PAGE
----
Hello, my cherubs,
As we in publishing know, there is relatively little money in the book business — compared to other forms of entertainment, say Television, Music, or Movies. And for years I've taken solace in one of the few advantages to this fact: at least we as creative people in this industry don't have to deal with, shudder, Focus Groups. You know, those little Nuremberg trials people in Advertising hold to determine if the great unwashed are going to prefer Stayfree Maxipads in a blue box or a yellow box. Let's face it: We're simply not going to test the ending of John Updike's latest novel to see if it skews well with girls between the ages of 12 and 16. Ditto the jacket design. And I thank God for that, every day.
So imagine my horror at reading an article, in this week's Publishers Weekly, about a publisher of legal advice books named Nolo Press which announced it has "taped more than 50 hours of focus group feedback and tested redesigned books in mock stores to come up with a compelling design" for its titles. And that this process took "Two years and 'hundreds of thousands' of dollars," and that "After field-testing several redesigns, the company decided on its new look: less text-heavy covers that feature Astrid, the golden Labrador retriever. 'What is more companionable than a dog?' said [Pat] Jenkins," Nolo's marketing director.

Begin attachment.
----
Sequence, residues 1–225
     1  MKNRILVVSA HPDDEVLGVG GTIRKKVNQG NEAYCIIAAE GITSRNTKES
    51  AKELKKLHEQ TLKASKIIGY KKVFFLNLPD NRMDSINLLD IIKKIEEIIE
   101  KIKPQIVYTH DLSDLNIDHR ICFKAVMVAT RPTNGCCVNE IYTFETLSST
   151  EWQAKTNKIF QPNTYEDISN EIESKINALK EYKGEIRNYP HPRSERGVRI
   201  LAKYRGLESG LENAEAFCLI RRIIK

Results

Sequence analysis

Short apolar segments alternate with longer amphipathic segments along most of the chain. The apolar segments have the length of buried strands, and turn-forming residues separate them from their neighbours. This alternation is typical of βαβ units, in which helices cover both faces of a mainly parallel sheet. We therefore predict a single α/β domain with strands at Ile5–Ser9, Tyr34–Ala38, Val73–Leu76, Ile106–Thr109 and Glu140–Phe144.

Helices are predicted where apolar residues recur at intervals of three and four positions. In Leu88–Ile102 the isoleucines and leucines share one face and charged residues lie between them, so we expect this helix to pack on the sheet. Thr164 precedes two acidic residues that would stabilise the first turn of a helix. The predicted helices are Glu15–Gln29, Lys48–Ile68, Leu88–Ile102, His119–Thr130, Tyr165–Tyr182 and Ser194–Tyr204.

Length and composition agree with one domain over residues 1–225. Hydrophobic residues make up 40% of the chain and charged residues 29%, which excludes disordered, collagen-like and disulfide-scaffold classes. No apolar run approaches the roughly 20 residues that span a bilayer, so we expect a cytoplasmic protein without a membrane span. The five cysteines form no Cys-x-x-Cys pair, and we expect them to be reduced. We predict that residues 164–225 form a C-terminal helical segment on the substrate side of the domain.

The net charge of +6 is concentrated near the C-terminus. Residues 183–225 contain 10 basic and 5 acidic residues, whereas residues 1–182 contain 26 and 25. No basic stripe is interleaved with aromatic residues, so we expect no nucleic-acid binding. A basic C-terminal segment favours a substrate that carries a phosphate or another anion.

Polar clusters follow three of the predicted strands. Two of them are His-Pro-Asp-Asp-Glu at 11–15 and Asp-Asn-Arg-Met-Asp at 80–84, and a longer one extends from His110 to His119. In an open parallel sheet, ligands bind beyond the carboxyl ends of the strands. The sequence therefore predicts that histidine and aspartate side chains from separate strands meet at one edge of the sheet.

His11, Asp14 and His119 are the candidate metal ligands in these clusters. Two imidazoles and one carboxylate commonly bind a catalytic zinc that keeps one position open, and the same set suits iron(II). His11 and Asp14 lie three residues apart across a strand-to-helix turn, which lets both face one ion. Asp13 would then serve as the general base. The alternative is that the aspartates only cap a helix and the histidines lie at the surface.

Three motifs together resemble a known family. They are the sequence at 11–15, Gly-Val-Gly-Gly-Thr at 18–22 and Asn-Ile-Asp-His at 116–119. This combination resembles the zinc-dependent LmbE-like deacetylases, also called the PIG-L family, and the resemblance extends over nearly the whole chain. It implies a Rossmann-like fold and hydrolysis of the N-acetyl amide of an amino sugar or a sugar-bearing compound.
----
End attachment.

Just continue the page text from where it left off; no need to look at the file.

This would be hilarious if it wasn't so pathetic. And wrong-headed. Nearly a quarter of a million dollars, and they end up with a dog that's going to help you with legal advice about your divorce?
"Gee Astrid, she wants the beach condo too. What do I do?"
"What the fuck does that mean? Astrid! She's out to destroy me! Everything I've worked for!"
"You're Goddam right it is. Hey, get off of the couch and help me bury these assets!"
Seriously — this is really, really dumb, and if other publishers follow suit it is at their peril. Nolo, you should change the name of your company to Big Fat Suckers. Because that is precisely what you are. If I were you I'd get your attorneys on this right away. You've been scammed.
I have found that marketing and sales people in publishing can be very useful in terms of PROMOTING AND SELLING BOOKS. Period. That is their job. NOT DESIGNING THEM. That is my job. I don't tell you how much front-of-store space to buy at B&N, and you don't tell me that the latest Cormac McCarthy design won't appeal to Soccer Moms in Des Moines, and we'll get along just fine. Knopf is very good about this, and that's a large part of why I am still here after twenty years and counting.
If anyone out there wants to chime in on this, either pro or con, be my guest.
And if PW wants to be taken seriously as an arbiter of the industry (and I do, for the most part, like very much what Sara Nelson's done with it) they should do a follow-up article in a few months to see if this idiocy is actually working. (And if it is, please bury the article. Just KIDDing.) Of course Nolo's going to say it is, regardless, but the real evidence will be whether or not Astrid is still marking Nolo's company territory by this time a year from now. Or if she's been put to sleep.
Books mentioned in this post
Chip Kidd is the author of Chip Kidd: Book One -- Work: 1986-2006